Stephen Curry is all but guaranteed to be named this season’s MVP, but he isn’t the only NBA player that could be a unanimous selection for an individual award. The race for Rookie of the Year has been over for quite some time, though a few first-year players stand out among the rest.

The top of the 2015 NBA Draft has proven to be strong after just one season. Jahlil Okafor won’t win the award after missing 29 games, but he looks like he’ll be a reliable scorer for years to come. D’Angelo Russell had a tumultuous end to his first season with the Los Angeles Lakers, but he showed plenty of promise as a starting point guard. 

The No.1 overall pick in the draft was as good as advertised, and a few other big men were much better than expected. Below is a look at the top three rookies of the 2015-2016 NBA season.

1) Karl-Anthony Towns, Minnesota Timberwolves

Karl-Anthony Towns Karl-Anthony Towns Photo: Getty

Drafted first overall by the Timberwolves, Towns quickly jumped out to a hot start. He scored 28 points and grabbed 14 rebounds in just his second game as a pro, giving Minnesota an encouraging glimpse of what was to come. The agile center didn’t miss a game, leading all rookies with 18.3 points and 10.5 rebounds per game. His 1.68 blocks per game were second among rookies.

Towns’ numbers weren’t just good by rookies' standards: he finished the regular season as one of the best centers in all of basketball. He ranked third in points, eighth in rebounds and sixth in blocks per game at his position. The Kentucky product was especially good in the second half of the season, averaging 20.8 points and 11.0 rebounds per game after the All-Star break.

Minnesota wasn’t very good with a 29-53 record, but Towns didn’t have a whole lot of help. Based on the way he played down the stretch of the season, Towns should be an All-Star next year. At just 20 years old, he could be an MVP candidate within the next few years.

2) Nikola Jokic, Denver Nuggets

Nikola Jokic Nikola Jokic Photo: Getty

Jokic didn’t receive the same hype as players like Towns and Okafor, but he was probably the second-best rookie this season. As the 41st overall pick in 2014, the seven-footer could prove to be one of the best second-round draft picks in recent years.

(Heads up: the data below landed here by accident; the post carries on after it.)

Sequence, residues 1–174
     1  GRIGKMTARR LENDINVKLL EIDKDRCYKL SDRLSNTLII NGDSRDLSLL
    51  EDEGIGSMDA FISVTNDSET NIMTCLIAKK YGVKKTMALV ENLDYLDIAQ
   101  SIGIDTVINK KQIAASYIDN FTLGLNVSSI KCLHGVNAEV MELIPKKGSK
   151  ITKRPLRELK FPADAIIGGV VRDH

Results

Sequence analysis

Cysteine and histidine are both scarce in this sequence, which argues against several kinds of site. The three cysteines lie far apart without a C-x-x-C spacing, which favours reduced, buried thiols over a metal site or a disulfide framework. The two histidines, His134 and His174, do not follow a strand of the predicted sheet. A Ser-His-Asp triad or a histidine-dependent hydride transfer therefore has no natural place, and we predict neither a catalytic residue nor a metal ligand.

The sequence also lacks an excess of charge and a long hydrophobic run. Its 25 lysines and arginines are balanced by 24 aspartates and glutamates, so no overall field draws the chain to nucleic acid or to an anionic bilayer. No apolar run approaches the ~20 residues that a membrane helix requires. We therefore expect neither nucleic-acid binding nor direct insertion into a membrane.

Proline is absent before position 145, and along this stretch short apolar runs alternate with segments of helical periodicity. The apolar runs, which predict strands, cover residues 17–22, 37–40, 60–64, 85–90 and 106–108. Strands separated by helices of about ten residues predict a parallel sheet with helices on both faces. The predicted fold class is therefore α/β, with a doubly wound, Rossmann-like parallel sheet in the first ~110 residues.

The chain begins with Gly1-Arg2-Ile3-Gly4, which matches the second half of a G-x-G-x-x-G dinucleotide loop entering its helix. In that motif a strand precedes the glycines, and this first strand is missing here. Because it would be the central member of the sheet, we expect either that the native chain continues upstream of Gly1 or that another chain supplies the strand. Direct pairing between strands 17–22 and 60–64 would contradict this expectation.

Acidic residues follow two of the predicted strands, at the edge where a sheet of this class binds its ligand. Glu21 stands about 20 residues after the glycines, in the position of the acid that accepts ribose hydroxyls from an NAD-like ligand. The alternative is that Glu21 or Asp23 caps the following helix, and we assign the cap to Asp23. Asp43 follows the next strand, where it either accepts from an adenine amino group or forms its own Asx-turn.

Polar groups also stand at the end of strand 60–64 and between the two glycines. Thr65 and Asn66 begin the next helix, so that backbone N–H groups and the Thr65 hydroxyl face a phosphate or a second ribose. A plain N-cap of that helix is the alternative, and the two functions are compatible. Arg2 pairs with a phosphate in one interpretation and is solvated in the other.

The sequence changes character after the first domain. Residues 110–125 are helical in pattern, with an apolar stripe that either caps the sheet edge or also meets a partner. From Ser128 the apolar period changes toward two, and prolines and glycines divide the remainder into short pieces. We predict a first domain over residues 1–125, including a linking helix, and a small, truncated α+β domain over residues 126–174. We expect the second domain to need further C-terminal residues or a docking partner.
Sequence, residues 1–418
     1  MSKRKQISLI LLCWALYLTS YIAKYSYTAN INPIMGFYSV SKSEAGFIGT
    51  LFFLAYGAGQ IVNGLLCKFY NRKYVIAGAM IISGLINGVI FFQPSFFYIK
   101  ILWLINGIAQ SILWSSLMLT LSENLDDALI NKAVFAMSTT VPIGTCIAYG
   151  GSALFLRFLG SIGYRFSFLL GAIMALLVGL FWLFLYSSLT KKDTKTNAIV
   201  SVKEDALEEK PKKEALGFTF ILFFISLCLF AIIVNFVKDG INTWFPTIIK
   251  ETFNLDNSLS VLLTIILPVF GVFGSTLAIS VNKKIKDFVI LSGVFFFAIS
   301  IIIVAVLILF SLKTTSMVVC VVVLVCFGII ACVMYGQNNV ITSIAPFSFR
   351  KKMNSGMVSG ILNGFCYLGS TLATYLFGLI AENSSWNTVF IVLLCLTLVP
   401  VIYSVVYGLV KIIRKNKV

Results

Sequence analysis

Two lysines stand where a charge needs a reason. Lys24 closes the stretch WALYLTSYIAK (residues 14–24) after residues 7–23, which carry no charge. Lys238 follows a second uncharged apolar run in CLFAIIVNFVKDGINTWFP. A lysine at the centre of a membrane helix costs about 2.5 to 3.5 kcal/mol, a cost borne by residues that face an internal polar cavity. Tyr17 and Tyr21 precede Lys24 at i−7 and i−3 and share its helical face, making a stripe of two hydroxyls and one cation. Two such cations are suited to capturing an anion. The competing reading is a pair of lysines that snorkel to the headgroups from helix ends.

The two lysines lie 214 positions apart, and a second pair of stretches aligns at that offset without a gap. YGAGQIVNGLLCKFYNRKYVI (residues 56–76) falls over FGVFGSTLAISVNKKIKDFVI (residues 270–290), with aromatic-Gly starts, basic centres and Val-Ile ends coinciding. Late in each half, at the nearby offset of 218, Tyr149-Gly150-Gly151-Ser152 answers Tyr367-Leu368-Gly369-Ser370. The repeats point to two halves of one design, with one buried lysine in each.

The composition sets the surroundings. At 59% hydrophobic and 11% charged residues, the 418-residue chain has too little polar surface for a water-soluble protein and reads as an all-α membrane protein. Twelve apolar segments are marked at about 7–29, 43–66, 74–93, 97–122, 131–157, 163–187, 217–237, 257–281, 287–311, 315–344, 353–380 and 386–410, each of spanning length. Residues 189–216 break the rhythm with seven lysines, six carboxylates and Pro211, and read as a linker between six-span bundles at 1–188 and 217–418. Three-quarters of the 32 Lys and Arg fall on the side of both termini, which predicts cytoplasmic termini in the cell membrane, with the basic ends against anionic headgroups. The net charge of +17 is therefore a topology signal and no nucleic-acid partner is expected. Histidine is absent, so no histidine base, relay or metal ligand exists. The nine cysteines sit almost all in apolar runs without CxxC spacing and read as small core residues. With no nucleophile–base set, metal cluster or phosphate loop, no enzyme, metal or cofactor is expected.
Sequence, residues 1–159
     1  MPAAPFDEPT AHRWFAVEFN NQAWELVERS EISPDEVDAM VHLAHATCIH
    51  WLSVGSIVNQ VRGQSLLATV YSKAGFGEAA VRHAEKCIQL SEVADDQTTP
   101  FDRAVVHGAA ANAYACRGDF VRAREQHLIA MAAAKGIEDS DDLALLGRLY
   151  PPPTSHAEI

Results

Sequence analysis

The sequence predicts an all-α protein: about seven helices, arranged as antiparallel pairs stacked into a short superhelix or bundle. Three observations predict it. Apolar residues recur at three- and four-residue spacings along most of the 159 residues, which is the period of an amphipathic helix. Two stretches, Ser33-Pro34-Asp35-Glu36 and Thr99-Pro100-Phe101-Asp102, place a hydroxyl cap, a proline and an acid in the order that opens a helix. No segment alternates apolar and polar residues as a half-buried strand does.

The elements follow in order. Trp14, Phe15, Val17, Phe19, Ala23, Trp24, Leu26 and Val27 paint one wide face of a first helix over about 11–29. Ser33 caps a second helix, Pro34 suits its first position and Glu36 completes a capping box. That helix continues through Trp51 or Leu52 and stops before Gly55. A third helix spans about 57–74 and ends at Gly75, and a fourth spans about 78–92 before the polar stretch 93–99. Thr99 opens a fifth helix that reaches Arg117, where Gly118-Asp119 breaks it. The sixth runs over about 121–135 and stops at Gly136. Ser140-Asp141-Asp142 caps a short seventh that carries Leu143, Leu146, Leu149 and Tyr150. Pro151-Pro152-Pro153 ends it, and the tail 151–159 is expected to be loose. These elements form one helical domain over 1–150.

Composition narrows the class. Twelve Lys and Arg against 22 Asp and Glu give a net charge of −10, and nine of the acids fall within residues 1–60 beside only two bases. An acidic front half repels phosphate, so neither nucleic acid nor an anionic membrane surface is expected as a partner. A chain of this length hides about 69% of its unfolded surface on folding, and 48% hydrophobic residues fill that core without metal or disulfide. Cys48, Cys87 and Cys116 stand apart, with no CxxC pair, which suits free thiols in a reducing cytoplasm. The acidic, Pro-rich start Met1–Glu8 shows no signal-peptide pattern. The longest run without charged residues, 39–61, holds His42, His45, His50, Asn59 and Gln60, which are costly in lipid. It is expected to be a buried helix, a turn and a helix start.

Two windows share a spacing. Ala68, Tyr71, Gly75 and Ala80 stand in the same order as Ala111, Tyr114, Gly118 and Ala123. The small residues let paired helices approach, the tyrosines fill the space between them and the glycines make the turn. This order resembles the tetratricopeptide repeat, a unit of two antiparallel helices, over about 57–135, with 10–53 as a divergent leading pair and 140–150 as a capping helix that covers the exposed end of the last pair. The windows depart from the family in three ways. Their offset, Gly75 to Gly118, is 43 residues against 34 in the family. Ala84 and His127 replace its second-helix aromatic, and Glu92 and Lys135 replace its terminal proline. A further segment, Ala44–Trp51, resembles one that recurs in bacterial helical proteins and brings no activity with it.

Playing 80 games for the Nuggets, 55 of which he started, Jokic made the most of his 21.7 minutes per game. Averaging 10 points and seven rebounds per game, the 21-year-old Serb ranked eighth in points and tied for third in rebounds among first-year players. Even as a center, his 2.4 assists per game were seventh-best among all rookies.

Jokic's 21.58 PER was tied for 24th in the NBA, ranking ahead of players like Paul George, Dwyane Wade and Carmelo Anthony. He was a key contributor to a Denver team that was more competitive than many experts expected. Denver only won 33 games, but they were tied for the 10th seed in the West. 

3) Kristaps Porzingis, New York Knicks

Kristaps Porzingis Kristaps Porzingis Photo: Getty

Few knew what to expect from the fourth overall pick from Latvia. Having never seen him play, New York fans were irate when the selection was made, and Porzingis was even booed at Barclays Center in Brooklyn when NBA commissioner Adam Silver announced the team’s pick. But that sentiment didn’t last very long, and Porzingis has quickly become one of the most popular players for any professional team in the Big Apple.

Porzingis didn’t waste time showing what Phil Jackson and the Knicks saw in him. With an array of put-back dunks and impressive blocks, the 7’3 Porzingis showcased an athletic ability that few big men in the NBA possess. He had four 20-point games in November, and a 24-point, 14-rebound, seven-block performance in Houston in the 14th game of the season that made him an early frontrunner to be named the Rookie of the Year.

Porzingis slowed down in the second half of the season, and he missed the final seven games with a shoulder injury. But his 14.3 points, 7.3 rebounds and 1.9 blocks per game are good enough to make him this year’s third-best rookie. New York fans don’t have much reason to be optimistic after a 32-50 season, but their 20-year-old budding star will give them a reason to watch in 2016-2017.